Intruders Review TIFF 2011

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I think the horror genre often gets accused of not having anything important or interesting to say about real issues in the real world. I know that some genres are better suited for discussing serious issues, but sometimes a topic comes along that the horror genre has a claim to. Juan Carlos Fresnadillo’s Intruders explores one of the more fundamental aspects of human nature, the birth and promulgation of fear. More specifically, the passing of specific fears from parents to children. I think that parents take too much blame in today’s society for how their children turn out, but a few issues, such as religious indoctrination, anxieties and certain types of fear are without a doubt often passed on from parents to children, and they likely need to take more responsibility for these dubious family heirlooms. This is the topic and the message of  Intruders, it is both an urgent and intelligent issue.

The film follows two interwoven narratives. One part of the storyline takes place somewhere in Spain, and follows a young boy and his mother as they are terrorized nightly by a supernatural being named ‘Hollow Face’, who would like nothing more than to rip off the young boy’s face and make it his own. The other segment of the film centres on John Farrow (Clive Owen) and his twelve-year-old daughter Mia (Ella Purnell). One day at her grandparents country home, Mia makes quite the discovery as she finds an aged unfinished children’s story in the hollow of an old tree. Unfortunately for Mia, the story is about the legend of Hollow Face, and not long after reading the story, Mia finds herself the victim of Hollow Face’s latest attempt to steal the face of a child.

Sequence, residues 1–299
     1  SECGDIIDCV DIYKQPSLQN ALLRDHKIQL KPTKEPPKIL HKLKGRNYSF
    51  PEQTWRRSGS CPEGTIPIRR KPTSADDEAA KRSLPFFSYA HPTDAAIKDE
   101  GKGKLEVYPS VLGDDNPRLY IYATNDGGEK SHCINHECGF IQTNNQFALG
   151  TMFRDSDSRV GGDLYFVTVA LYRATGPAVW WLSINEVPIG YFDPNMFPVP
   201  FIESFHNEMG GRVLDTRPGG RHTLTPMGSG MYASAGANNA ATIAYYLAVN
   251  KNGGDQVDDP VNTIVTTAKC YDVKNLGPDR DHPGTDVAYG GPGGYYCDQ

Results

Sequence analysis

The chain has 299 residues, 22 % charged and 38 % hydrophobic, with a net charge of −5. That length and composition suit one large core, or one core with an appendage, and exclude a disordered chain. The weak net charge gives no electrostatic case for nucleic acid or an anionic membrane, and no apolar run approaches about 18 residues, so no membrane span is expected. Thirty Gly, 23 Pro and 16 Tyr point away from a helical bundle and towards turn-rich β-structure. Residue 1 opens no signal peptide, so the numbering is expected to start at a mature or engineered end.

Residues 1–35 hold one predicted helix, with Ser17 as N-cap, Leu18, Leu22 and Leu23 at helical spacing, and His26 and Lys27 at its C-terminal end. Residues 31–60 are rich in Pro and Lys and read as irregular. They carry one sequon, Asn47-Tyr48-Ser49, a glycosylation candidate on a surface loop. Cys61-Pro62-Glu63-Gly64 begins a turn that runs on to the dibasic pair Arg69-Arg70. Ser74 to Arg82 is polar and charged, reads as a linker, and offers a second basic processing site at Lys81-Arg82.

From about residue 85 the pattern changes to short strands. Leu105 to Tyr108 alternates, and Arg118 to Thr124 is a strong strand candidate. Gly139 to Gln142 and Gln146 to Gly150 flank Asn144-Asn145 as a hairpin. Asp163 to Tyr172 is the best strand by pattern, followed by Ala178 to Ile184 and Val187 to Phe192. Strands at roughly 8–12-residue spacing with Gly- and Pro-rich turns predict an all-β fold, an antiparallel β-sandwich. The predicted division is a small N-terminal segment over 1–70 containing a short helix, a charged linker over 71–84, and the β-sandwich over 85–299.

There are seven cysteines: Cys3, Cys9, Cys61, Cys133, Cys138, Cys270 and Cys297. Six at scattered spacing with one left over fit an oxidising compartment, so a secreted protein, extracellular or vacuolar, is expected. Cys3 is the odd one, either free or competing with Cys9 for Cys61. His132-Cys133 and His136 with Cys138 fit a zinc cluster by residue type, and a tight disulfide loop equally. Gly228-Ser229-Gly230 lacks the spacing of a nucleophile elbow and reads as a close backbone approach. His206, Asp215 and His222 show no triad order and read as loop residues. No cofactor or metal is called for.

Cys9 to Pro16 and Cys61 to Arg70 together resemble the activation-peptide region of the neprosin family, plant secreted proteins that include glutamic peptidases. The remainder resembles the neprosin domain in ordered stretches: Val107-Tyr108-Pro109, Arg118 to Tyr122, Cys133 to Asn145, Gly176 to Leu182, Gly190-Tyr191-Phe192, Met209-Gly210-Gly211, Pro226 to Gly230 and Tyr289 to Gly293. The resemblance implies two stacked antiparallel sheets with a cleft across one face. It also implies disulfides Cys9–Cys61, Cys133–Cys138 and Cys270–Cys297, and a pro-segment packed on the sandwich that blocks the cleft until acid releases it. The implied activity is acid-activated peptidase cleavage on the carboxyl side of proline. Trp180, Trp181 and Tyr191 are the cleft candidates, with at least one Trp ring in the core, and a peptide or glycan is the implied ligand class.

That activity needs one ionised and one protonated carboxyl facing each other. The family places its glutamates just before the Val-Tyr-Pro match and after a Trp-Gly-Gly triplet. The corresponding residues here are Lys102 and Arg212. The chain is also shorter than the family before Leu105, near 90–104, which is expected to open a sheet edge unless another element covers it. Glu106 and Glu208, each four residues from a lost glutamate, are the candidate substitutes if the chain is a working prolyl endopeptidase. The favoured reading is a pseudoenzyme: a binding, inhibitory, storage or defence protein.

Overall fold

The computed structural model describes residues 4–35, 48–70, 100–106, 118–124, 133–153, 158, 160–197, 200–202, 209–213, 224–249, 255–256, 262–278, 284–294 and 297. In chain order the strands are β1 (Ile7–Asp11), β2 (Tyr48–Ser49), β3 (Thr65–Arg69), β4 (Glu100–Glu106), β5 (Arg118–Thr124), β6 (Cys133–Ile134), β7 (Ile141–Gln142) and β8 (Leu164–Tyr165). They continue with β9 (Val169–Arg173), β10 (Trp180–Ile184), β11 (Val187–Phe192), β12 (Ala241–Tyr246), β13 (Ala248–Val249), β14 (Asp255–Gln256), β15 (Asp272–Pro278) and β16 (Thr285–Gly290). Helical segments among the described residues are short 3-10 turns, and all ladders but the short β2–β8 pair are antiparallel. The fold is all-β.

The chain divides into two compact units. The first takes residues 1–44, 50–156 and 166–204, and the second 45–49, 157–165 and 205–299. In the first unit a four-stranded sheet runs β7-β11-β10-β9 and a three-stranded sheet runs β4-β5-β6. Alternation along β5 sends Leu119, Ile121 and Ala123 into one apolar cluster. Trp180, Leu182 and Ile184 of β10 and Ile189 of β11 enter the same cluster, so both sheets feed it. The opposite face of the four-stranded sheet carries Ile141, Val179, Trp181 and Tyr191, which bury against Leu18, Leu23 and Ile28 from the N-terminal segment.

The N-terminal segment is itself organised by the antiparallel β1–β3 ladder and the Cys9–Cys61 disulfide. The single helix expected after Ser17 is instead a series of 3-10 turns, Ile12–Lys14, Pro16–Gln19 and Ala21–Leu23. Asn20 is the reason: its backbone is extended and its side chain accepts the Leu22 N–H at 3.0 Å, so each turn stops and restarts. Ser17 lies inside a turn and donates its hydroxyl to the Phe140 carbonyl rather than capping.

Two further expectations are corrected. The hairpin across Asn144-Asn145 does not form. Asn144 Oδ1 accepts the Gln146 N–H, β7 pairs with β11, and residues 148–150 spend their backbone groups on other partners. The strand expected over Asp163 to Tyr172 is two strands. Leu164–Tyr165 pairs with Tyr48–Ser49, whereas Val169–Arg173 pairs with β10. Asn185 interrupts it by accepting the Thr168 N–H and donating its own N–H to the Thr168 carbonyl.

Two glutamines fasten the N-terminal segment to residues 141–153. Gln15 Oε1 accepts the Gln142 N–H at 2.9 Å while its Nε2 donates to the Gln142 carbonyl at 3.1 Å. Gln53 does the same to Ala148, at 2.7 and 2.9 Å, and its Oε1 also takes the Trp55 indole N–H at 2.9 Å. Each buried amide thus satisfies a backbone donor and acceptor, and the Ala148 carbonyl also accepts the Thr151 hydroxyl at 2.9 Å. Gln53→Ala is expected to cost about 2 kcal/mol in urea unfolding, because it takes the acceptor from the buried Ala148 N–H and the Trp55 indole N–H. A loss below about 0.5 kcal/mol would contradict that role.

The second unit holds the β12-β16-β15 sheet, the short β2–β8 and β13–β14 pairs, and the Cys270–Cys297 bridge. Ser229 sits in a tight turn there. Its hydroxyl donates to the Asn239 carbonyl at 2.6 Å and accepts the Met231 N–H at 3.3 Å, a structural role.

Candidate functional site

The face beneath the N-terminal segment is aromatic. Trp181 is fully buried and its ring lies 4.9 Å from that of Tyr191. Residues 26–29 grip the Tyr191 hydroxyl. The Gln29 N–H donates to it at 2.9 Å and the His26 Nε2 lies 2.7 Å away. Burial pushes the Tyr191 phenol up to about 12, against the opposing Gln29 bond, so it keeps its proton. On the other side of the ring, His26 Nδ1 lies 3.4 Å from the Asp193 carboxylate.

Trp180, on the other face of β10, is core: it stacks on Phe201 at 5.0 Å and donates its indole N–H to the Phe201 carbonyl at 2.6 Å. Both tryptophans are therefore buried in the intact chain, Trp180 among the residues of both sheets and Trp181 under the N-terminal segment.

Intruders is not a straight horror film, and really belongs in the psychological horror sub-genre. It is a mature horror film, but unfortunately the scares and horror do not feel as mature as they should have been. That being said, Intruders does a marvelous job of blurring the line between fantasy and reality. Even though I have alluded to the transmission of fears from parent to child, Intruders will keep you guessing about the true nature of Hollow Face until the final scene.

The acting is solid all around, with Clive Owen doing a particularly good job, although I’m sure many viewers already expect this of him. Hollow Face looks quite creepy at times and rather mundane at others, as he takes different forms throughout the film. I can’t help but feel that his most successful appearance was his introduction, climbing scaffolding at night and looking reminiscent of ‘Death’ from Peter Jackson’s The Frighteners. However, some encounters with Hollow Face could have been more frightening. Many times the film is too dark to see what is going on and unfortunately this may take some viewers out of the story, as they try to figure out what is happening onscreen.

In the end, the true strength of Intruders is that it is an intelligent horror film. The film makers and distributors may have some important decisions to make as they decide how to market a smart adult horror that is a little short on the actual horror. The next time someone says that horror films are brainless, turn them onto Intruders, although those looking for something horrifying may have to look elsewhere.

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